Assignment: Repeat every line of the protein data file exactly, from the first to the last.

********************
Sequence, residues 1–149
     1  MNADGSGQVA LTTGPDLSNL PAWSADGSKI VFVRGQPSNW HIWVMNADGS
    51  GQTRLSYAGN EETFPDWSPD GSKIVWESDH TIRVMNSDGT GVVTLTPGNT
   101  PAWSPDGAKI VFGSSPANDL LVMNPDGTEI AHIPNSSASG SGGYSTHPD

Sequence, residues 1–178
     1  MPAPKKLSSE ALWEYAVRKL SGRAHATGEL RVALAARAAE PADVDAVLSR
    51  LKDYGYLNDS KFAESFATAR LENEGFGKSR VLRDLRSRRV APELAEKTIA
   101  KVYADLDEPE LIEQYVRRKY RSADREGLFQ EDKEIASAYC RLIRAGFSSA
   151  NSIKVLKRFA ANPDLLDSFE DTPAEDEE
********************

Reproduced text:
Sequence, residues 1–149
     1  MNADGSGQVA LTTGPDLSNL PAWSADGSKI VFVRGQPSNW HIWVMNADGS
    51  GQTRLSYAGN EETFPDWSPD GSKIVWESDH TIRVMNSDGT GVVTLTPGNT
   101  PAWSPDGAKI VFGSSPANDL LVMNPDGTEI AHIPNSSASG SGGYSTHPD

Sequence, residues 1–178
     1  MPAPKKLSSE ALWEYAVRKL SGRAHATGEL RVALAARAAE PADVDAVLSR
    51  LKDYGYLNDS KFAESFATAR LENEGFGKSR VLRDLRSRRV APELAEKTIA
   101  KVYADLDEPE LIEQYVRRKY RSADREGLFQ EDKEIASAYC RLIRAGFSSA
   151  NSIKVLKRFA ANPDLLDSFE DTPAEDEE